He fiddled a little with his wedding ring as he searched his brain for the perfect story to tell this stranger he sat right next to in this empty airport terminal. I could see he welcomed the challenge and was going to come up with a good story.
With the smile still on his face, he suddenly swung back towards me with a childlike expression and a sparkle in his eye.
“When I was in college,” he began, “I was in this fraternity…”
As he continued with his story, he moved around the seat with excitement and animation as his story unfolded. There were times he stood up to act out some of the parts.
I felt the gap between where I was at in my life and where he was at disappear.
It didn’t matter.
I remember thinking how uninhibited and alive he seemed in this moment.
After he finished his story, he sat back and immediately began telling me how his wife passed away a few years ago. And that he can't bring himself to remove his wedding ring he wasn't ready to let her go yet.
He told me what brought him here to O’Hare airport on this day. Today he was not returning home from a business trip or vacation. It was another story of significant loss in his life.
At that moment, I realized how similar we all are.
No matter our age or life circumstances, we all have a great need to connect with others.
We all want to feel like we belong. And we all want to share our stories. But more than that – we have a great need to have our stories heard.
We all need to be listened to and understood.
We are all looking for warmth and compassion.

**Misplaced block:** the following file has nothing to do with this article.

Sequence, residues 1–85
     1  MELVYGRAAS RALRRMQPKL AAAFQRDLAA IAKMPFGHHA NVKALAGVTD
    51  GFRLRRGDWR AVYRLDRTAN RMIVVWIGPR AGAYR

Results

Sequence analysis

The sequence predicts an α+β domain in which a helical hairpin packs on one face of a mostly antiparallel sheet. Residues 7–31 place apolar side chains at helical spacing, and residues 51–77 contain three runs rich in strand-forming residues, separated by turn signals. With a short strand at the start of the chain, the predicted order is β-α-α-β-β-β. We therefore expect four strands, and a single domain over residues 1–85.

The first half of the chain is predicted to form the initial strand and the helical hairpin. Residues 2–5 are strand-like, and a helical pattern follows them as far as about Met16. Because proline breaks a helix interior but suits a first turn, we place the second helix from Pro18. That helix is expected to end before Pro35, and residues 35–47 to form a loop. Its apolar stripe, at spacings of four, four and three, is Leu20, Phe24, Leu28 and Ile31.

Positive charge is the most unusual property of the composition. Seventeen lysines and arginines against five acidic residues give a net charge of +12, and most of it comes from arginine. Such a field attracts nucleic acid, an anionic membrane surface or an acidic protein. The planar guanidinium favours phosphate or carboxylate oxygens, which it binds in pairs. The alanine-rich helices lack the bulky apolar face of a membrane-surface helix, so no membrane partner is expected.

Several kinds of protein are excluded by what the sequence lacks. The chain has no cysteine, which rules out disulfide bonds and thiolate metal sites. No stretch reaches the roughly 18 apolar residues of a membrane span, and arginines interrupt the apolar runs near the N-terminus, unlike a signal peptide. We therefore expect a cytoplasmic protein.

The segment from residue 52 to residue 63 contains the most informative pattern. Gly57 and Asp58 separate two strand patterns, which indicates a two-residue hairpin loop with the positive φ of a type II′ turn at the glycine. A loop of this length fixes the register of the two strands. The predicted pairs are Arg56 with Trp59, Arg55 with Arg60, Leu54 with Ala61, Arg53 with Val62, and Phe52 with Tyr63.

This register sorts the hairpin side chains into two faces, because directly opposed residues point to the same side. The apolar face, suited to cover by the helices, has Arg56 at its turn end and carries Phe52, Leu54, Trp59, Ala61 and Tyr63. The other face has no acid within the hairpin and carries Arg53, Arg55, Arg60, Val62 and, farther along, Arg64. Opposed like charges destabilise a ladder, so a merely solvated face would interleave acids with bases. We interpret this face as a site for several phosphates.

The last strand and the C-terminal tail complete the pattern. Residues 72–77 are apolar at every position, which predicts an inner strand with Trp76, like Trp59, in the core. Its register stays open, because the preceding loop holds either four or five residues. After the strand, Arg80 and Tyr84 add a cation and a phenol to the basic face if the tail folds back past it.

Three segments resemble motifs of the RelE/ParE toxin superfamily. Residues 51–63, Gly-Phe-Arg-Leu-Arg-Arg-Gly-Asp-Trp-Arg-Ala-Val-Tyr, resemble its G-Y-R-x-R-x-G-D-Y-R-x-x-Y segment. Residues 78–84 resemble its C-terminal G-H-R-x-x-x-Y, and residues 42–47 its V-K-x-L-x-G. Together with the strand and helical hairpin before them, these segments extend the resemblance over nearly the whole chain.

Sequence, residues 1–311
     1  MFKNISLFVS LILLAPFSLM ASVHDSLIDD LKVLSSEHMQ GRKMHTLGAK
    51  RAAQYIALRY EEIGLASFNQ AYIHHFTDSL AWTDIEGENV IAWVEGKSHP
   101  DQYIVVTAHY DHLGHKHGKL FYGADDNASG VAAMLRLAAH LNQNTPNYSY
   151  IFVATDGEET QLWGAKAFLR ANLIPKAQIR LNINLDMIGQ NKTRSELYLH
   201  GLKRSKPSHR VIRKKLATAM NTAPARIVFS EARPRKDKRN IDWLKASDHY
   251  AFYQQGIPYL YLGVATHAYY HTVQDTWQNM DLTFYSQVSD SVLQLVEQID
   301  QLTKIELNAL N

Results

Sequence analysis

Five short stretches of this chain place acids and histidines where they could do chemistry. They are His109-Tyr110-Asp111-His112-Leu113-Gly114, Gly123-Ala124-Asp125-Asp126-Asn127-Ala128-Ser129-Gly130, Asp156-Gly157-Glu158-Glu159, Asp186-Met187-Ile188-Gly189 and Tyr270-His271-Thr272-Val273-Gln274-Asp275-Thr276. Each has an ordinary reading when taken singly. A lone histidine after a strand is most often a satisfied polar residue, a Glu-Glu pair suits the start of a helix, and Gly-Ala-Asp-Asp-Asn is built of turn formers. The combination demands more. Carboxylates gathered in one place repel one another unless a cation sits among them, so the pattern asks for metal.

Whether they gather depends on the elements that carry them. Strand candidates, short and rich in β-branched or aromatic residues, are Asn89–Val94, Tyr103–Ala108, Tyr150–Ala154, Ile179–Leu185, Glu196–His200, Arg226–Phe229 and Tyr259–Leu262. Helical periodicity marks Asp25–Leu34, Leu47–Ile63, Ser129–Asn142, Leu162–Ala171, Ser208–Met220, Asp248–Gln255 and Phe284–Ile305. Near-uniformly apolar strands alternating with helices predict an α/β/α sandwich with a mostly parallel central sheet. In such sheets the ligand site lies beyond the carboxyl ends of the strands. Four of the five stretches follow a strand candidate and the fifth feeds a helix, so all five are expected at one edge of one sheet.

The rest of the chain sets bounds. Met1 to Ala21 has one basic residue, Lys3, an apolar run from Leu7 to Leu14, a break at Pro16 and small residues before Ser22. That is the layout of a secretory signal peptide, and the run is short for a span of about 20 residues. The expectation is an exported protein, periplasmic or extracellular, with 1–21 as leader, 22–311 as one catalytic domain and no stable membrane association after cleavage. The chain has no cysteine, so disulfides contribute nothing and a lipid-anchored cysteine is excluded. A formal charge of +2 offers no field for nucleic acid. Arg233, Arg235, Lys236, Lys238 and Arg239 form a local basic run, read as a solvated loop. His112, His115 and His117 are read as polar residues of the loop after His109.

I realized why he sat right next to me in this empty terminal. What he needed more than anything was human connection.
He simply needed to be heard.
We talked for about an hour until it was time for our plane to board. Looking up away from ourselves we realized how full the terminal had gotten. When did that happen?
We never even noticed.
It was time for first-class to board
He, of course, was in first class.
I was not.
As he was getting up, he thanked me.
I got up and hugged him and said, “No, thank you.”
He turned and started to walk away, chuckling to himself, he stopped and looked back and said,
“By the way, what’s your name?”
We both laughed at the fact that it never occurred to either of us to ask each other’s names.
“Wendy, I replied,
“haha Peter,” he laughed.
“Nice to meet you, Peter Pan,” I said as it was clear we both instantly made the “Peter Pan and Wendy” connection.
I never did find out what he did for a living. I was glad it never came up. We connected on a real level, not on a superficial level of age or job title, but human-to-human, story-to-story.
Since that day, I try and talk to people wherever I go. I have it down to a science, who is approachable and who is not. Never once has someone been unwilling to talk to me. And so far, everyone has told me a story. I’ve heard some incredible stories. And I have heard some especially sad stories. There have been some stories, to this day, I am shocked people would share with me.
The simple act of chatting with people has made me realize how small this world is. It has taught me one of my biggest life lessons of not being intimidated by anyone, no matter who they are or what they do for a living. And it taught me my second biggest lesson - not to judge people for what they look like or what they are wearing.
None of that defines us as human beings.
I am least interested in talking to people when they revolve the conversation around their job.
I want to hear the stories that make them human and flawed, the stories that belong only to them.